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Oregon Rider Kicked by Cop Receives $180,000 in Damages

It's been a long, hard court battle for Oregon motorcyclist Justin Wilkens, but he prevailed. It took him no less than four years to obtain a final ruling of the court and damages after being rammed into police officer Robert Edwards, back in 2012.
Officer Edwards kicks Justin Wilkens 1 photo
Edwards, then a police lieutenant in Venta, XOregon, chased Wilkens in an unmarked car and without using the siren. The motorcyclist was speeding and made multiple illegal overtakes, while Edwards trailed along. The car reportedly had hidden lights.

Wilkens, on the other hand, seems to be unaware that a cop is following him, and doesn't appear to try to lose the car. From experience, we know that a skilled rider on a superbike can outrun a police cruiser with ease, especially when the pursuit takes place on a busy road.

If you're patient enough to watch the video, you'll notice that the biker is not trying to lose the cop behind him, and even makes the passes safely, even though illegally. If you're in for Chuck Norris action and gun point cuffing, skip right to 3:25.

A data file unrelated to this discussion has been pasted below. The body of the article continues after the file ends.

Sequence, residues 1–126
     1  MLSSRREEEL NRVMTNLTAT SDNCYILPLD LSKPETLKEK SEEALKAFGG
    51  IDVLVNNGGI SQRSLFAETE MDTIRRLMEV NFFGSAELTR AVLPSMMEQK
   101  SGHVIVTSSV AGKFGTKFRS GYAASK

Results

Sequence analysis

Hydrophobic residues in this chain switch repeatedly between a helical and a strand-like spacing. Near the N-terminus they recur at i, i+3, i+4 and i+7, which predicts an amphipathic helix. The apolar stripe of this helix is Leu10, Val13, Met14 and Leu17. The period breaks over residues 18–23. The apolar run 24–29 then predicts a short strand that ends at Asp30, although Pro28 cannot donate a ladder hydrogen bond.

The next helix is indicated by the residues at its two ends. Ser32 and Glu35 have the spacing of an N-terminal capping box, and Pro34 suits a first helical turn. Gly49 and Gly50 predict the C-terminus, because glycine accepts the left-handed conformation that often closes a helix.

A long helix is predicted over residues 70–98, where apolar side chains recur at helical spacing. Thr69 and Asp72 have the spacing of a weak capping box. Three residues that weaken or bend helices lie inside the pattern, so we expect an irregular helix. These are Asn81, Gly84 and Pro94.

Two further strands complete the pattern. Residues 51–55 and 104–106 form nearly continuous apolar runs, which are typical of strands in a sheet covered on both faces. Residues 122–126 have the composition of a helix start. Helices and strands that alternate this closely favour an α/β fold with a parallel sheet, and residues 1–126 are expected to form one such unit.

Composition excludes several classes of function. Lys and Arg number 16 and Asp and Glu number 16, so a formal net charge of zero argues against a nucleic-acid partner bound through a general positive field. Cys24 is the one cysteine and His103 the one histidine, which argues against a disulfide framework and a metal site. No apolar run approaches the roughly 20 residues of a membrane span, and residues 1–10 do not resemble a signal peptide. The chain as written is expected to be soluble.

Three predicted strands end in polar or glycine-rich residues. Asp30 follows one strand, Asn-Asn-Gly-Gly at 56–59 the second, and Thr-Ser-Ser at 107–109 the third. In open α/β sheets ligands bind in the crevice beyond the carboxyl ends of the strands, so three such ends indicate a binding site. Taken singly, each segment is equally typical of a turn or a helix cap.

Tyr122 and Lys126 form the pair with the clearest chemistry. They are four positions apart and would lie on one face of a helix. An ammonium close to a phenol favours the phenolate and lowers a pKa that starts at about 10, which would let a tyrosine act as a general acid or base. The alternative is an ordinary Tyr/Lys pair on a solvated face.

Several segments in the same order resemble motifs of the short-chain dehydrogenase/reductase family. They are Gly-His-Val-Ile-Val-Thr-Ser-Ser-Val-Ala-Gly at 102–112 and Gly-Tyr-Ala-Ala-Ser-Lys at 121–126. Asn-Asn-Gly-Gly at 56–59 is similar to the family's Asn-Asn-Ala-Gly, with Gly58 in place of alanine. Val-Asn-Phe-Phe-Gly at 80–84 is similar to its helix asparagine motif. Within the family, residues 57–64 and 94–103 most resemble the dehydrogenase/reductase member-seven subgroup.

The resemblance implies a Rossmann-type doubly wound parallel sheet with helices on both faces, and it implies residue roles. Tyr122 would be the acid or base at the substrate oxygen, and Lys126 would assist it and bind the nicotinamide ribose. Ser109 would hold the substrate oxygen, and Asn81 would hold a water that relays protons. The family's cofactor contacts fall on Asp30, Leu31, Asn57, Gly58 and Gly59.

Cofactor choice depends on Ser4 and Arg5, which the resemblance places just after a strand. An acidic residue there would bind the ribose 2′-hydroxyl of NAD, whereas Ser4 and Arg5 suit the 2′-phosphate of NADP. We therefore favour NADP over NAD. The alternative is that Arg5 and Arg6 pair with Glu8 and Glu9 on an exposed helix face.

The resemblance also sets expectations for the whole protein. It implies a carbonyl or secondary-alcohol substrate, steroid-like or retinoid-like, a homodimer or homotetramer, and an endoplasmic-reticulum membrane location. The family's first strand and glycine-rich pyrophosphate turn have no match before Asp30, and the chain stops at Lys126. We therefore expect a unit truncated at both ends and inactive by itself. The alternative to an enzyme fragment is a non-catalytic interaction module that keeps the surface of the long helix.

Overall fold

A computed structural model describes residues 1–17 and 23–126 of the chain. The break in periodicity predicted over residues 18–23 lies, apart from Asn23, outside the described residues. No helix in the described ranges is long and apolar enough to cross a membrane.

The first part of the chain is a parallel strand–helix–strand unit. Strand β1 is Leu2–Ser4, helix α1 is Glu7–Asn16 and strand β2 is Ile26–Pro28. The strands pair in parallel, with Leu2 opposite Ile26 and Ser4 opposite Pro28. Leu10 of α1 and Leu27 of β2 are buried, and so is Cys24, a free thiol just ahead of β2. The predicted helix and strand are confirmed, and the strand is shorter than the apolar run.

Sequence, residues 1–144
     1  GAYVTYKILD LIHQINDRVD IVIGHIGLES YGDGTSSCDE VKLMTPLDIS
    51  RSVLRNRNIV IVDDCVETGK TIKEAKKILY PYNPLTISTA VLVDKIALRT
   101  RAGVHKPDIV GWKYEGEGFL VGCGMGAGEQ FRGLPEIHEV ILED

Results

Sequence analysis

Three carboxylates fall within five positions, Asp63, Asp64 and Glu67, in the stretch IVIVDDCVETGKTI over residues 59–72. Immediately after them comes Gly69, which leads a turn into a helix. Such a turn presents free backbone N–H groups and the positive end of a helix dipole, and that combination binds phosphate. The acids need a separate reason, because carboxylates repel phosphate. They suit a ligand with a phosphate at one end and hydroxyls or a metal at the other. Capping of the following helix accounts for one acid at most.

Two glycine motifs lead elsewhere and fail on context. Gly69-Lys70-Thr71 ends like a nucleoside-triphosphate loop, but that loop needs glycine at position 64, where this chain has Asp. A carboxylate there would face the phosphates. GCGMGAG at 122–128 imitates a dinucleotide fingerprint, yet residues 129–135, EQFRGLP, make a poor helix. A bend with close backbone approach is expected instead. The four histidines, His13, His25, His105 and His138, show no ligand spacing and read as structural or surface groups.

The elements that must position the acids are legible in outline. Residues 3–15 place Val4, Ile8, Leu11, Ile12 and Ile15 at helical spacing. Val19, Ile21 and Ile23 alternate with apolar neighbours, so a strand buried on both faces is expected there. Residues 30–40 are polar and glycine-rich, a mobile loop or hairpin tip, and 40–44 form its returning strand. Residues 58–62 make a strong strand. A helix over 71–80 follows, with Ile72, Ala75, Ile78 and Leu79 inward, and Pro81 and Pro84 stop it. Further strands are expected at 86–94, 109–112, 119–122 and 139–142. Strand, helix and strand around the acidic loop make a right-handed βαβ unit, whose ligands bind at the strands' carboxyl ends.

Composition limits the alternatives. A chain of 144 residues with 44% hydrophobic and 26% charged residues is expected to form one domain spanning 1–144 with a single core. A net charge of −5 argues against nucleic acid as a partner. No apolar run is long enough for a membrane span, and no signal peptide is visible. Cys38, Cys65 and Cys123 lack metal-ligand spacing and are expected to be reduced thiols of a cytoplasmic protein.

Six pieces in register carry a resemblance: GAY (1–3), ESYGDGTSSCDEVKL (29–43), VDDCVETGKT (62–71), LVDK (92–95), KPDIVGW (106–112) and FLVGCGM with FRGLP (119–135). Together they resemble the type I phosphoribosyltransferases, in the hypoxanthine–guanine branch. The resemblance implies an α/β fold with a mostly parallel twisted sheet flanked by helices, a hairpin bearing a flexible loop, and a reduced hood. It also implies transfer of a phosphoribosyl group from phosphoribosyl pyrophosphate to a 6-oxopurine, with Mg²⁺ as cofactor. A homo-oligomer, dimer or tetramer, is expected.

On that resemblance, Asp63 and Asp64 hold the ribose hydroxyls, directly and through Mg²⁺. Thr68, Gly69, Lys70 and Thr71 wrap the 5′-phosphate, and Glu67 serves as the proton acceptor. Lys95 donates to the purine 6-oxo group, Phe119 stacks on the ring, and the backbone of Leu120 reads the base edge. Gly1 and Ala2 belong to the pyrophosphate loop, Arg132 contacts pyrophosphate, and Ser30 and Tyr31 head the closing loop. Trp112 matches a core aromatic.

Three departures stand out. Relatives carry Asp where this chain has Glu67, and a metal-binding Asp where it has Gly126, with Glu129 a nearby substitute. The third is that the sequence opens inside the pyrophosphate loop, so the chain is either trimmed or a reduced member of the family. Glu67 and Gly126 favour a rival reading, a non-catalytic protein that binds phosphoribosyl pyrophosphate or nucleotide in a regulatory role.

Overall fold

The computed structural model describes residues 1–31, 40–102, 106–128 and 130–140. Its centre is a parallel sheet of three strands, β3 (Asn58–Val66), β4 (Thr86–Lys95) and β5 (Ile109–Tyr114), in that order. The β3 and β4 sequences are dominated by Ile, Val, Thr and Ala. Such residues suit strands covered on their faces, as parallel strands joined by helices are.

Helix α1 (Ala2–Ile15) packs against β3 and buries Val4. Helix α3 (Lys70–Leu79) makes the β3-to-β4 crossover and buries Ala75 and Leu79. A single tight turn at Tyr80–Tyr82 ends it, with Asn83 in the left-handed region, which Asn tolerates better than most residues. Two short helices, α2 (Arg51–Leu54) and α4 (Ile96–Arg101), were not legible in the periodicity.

Wilkens stopped and did not oppose any resistance but this was no excuse for Edwards
The motorcycle rider slows down almost to a stop when officer Edwards, now a captain, rams him down. The rider comes back to his feet, but without any aggressive intentions that could, in any way, justify having a gun pointed at him, being kicked then forced to the ground and cuffed.

Now, the problem was that the dashboard camera on Edwards' car was running and it recorded everything. Even more, Edwards' behavior led to Wilkens suffering two broken ribs and a collarbone, plus damage to his motorcycle.

Justin took his case to the court, and declared that he simply wasn't aware that he was being followed by the police. The camera evidence backed his claim and convinced the jury in his favor, while Edwards' lawyers unconvincingly tried to prove that Wilkens' stopping was unexpected and the cop's car suffered from brake fade, as visordown reports.

The court ruled for $31,171 in medical bills and bike damage, $100,000 for pain and suffering, and $50,000 in punitive damages. Funny thing (mark the sarcasm), we also reported on a similar case that took place in 2012 in Texas..

As to the PD promoting Edwards after the incident, we'll leave this to your judgement. We don't condone Wilkens' riding, but his deeds are far less violent in nature that what officer Edwards did.



 
 
 
 
 

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